We won't be fooled again: Teaching critical thinking via evaluation of hoax and historical revisionist websites in a library credit course

Stephanie M. Mathson, Michael G. Lorenzen

Research output: Contribution to journalArticlepeer-review

12 Scopus citations

Abstract

At Central Michigan University, librarians teach multiple sections of an eight-week, one-credit research skills class to hundreds of undergraduate students each semester. While the main focus of the course is to teach students how to find, use, and properly cite library resources, librarians also address critical thinking skills by designing lessons to teach World Wide Web organization and how to analyze the information found via search engines. Showing student's obvious hoax sites about tree octopi and male pregnancy introduces the concepts of critical thinking and Website analysis. Most students quickly refute the information on such sites. However, students have a more difficult time assessing social, historical, or political revisionist Web sites' validity. Contrasting those claims with evidence accepted by international courts, historians, and scientists is useful in pointing out the flaws of seemingly well documented but one-sided revisionist sites. There are dangers in exposing students to these groups via their Websites. Yet, it is important to do so in order to convey the importance of critical analysis of information. The authors discuss students' pre- and post-test (CMU's online assessment tool, the research readiness self-assessment [RRSA]) scores to determine whether critical thinking skills have improved.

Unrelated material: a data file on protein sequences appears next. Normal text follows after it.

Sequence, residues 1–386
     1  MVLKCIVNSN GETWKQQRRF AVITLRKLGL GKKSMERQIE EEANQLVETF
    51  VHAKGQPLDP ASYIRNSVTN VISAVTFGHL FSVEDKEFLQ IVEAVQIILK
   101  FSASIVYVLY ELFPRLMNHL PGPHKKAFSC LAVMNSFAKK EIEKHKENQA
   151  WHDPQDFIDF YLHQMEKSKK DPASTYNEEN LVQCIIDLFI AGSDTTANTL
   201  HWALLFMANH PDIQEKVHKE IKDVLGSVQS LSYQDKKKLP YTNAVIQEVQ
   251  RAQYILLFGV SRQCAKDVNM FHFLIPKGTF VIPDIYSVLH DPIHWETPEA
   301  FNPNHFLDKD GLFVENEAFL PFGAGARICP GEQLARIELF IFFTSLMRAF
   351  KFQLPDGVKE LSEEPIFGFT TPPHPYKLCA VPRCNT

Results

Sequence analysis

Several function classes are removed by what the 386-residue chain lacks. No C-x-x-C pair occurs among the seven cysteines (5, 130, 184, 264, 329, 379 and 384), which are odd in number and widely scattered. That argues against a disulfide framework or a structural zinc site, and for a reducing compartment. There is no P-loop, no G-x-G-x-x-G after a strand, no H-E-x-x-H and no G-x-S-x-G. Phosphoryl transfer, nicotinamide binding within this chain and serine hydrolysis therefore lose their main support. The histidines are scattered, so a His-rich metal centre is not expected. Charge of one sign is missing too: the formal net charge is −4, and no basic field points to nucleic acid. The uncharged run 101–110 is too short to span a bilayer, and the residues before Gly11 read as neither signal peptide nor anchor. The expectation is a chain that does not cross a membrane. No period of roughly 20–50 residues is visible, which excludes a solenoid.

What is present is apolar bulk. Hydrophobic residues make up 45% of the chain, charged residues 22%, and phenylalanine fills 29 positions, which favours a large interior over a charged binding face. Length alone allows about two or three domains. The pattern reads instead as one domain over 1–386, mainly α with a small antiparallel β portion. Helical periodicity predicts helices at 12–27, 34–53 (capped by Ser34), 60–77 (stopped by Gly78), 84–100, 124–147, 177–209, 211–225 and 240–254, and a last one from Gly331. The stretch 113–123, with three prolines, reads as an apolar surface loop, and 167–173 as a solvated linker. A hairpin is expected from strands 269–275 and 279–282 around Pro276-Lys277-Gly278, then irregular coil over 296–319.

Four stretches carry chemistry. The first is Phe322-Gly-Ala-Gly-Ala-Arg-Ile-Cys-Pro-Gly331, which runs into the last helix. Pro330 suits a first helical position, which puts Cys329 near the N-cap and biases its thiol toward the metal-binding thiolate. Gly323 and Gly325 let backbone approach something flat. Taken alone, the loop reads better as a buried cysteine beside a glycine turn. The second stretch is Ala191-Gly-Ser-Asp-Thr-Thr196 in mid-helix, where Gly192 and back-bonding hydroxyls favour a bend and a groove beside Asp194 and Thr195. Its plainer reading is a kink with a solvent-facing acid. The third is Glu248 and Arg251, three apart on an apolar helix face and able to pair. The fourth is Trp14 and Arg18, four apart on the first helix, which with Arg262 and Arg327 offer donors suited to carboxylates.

Original languageEnglish
Pages (from-to)211-230
Number of pages20
JournalCollege and Undergraduate Libraries
Volume15
Issue number1-2
DOIs
StatePublished - Jun 8 2008

Keywords

  • Critical thinking
  • History
  • Information literacy
  • Library instruction
  • Web evaluation

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